For permanent employment/residency, aka a green card:

  1. The first step is an Application for Permanent Labor Certification (Form ETA 9089) from the Department of Labor (DOL), which will acknowledge that hiring a foreign national will be better than hiring a US citizen and doing so will not harm US citizens’ wages, working conditions, or opportunities.
  2. After the DOL has approved the labor certification, then you need an Immigrant Petition for Alien Worker, which is Form I-140. This application will involve a lot of supporting documentation and evidence.
  3. You will then have to pay processing fees and wait for results.

For nonimmigrant sponsorship, up to six years:

  1. Contact the DOL and file a Labor Condition Application (LCA). 
  2. After your LCA is approved, you need to fill in a H-1B application, which is Form I-129: Petition for a Nonimmigrant Worker. 
  3. You will then have to pay processing fees and wait for results.

Benefits and challenges of hiring employees who are immigrants.

Between immigration departments, fees, relocation costs and personal transitions, employing immigrants can be difficult both on the company and the individual. But, as someone who works abroad, the pros can far outweigh the cons. Even so, both the company and the employee should consider the benefits and challenges before jumping in.


  • Diversity. By hiring immigrants, you are adding diversity to your team in the broadest possible sense. This goes beyond diversity in demographics and touches on diversity in experience, personality, and world outlook. In Zimbabwe, you can't order a piece from Amazon when something breaks so people are always on their toes with innovative ways to build, fix and improve things with whatever they have available. This transcends physical objects and is a national way of life and thinking, something US citizens haven't had to have but something that could make a Zimbabwean employee irreplaceable.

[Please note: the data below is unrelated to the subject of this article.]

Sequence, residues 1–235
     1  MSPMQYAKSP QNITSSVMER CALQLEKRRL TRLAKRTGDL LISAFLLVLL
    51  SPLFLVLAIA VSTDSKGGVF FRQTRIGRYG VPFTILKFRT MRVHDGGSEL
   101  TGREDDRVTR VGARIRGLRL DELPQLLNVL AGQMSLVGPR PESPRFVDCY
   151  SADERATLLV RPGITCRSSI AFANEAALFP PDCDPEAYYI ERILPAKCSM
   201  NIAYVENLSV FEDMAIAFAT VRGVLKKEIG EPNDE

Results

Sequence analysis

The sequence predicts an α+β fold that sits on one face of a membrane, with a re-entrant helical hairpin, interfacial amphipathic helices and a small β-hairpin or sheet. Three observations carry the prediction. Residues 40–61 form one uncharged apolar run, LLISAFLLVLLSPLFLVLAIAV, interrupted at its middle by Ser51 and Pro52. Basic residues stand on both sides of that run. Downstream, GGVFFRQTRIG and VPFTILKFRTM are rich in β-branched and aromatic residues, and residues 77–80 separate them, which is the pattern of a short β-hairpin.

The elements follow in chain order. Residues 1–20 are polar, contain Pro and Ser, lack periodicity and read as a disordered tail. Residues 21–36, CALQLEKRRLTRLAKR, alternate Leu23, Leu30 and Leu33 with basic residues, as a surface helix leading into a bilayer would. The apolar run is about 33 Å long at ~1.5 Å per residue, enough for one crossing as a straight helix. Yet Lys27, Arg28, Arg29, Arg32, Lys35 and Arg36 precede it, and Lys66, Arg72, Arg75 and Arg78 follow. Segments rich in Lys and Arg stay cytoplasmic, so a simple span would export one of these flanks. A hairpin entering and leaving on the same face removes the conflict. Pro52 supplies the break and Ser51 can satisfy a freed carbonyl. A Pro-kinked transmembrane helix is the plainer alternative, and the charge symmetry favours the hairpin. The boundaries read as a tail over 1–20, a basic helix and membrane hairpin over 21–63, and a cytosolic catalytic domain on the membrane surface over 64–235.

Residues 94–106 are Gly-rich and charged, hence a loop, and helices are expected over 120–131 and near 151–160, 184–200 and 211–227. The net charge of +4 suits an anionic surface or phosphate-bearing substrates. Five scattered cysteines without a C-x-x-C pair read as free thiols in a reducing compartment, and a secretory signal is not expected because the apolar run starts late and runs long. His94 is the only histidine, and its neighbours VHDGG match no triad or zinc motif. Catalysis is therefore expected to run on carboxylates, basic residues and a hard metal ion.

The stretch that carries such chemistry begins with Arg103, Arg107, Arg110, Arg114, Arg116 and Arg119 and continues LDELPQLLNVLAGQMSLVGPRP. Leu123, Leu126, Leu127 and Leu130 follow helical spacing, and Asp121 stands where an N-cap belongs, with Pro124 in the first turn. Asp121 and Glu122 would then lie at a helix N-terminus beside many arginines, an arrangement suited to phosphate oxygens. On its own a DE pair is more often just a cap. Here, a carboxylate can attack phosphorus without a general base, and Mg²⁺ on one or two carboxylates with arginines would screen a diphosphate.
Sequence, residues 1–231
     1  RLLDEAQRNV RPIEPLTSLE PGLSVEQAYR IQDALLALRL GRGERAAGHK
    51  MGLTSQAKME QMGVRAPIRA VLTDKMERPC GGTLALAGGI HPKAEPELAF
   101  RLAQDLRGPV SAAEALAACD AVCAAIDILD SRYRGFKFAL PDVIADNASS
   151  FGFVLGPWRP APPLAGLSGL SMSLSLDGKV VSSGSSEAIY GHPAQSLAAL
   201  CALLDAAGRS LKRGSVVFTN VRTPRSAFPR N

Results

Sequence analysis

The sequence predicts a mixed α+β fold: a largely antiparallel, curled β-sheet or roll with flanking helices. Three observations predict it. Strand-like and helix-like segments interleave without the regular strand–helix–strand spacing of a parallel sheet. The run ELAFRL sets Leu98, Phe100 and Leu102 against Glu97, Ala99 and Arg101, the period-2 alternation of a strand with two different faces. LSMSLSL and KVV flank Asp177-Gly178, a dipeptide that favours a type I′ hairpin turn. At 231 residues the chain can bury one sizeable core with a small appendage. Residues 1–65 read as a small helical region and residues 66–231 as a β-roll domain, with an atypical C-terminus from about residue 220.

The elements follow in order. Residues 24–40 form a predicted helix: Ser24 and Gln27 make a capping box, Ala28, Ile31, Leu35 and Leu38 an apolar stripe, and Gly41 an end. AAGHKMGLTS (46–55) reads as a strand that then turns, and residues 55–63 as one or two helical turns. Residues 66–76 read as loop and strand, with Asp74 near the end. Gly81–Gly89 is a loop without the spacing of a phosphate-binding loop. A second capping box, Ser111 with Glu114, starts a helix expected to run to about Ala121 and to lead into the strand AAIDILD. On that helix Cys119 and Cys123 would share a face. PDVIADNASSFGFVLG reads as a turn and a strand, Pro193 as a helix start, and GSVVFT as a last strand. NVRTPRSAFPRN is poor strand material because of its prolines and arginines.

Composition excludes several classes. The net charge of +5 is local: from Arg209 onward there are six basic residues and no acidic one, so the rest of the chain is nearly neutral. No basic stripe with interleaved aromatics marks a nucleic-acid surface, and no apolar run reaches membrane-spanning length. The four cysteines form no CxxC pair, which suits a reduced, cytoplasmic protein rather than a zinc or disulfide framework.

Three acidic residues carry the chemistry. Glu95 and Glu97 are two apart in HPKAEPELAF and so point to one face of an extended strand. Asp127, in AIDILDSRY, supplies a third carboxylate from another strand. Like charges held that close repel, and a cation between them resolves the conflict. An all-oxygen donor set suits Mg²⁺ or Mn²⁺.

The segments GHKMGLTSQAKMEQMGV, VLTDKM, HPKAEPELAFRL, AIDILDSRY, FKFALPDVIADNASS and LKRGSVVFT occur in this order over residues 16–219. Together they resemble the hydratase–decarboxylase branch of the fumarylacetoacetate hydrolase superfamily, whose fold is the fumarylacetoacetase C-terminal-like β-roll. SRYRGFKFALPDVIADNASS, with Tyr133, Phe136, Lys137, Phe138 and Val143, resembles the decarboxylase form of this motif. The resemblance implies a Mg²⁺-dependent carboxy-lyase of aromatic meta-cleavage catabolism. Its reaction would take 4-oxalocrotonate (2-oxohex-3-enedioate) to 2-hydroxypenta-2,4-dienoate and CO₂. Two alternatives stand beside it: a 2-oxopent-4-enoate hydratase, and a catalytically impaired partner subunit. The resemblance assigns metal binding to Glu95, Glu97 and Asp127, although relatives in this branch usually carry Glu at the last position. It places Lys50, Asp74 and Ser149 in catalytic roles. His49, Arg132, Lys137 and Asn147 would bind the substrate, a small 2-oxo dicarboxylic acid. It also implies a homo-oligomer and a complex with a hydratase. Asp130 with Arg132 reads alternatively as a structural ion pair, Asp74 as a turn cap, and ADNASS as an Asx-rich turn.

• A wider pool of talent. There are people doing incredible things all over the world, and by limiting your applicant pool to only those within your own borders you could easily be missing the individuals who would be the most productive, most innovative, or most effective members of your team. 
  • Tenacity. Someone who has left home to work has left their support system, their frame of reference, and ultimately their comfort zone behind. This can be incredibly hard on the individual, but it also means they are adaptable, incredibly motivated, and brave. Immigrants often make the strongest and most focused employees, since they have had to work to create a new comfort zone and they want their employment abroad to be a success. 


  • Cost. From relocation to international health insurance and visa applications and fees, sponsoring immigrants can be quite expensive both in terms of time and money. 
  • Immigration. Even after you have successfully obtained visas, flights, and everything else, Immigration and Customs Enforcement (or your country's equivalent) will always be a factor. From travel to job titles to taxes to running a red light, there are risks associated with immigrant employment.
  • Burnout. Immigrant employees have to deal with a lot of hardship that local employees do not. Homesickness, discrimination based on nationality, legal issues, and lack of community can all make life difficult for immigrant employees and lead to job burnout if they are not addressed.
This article reflects the views of the author and not necessarily those of Fairygodboss.
Jasmine Shirey serves as an Information Officer at the Forum for African Women Educationalists - Zimbabwe Chapter (FAWEZI). She's also a former contributing writer for Fairygodboss.

What’s your no. 1 piece of advice on employee sponsorship, whether you’re looking to be sponsored or sponsor an employee? Share your answer in the comments to help other Fairygodboss members!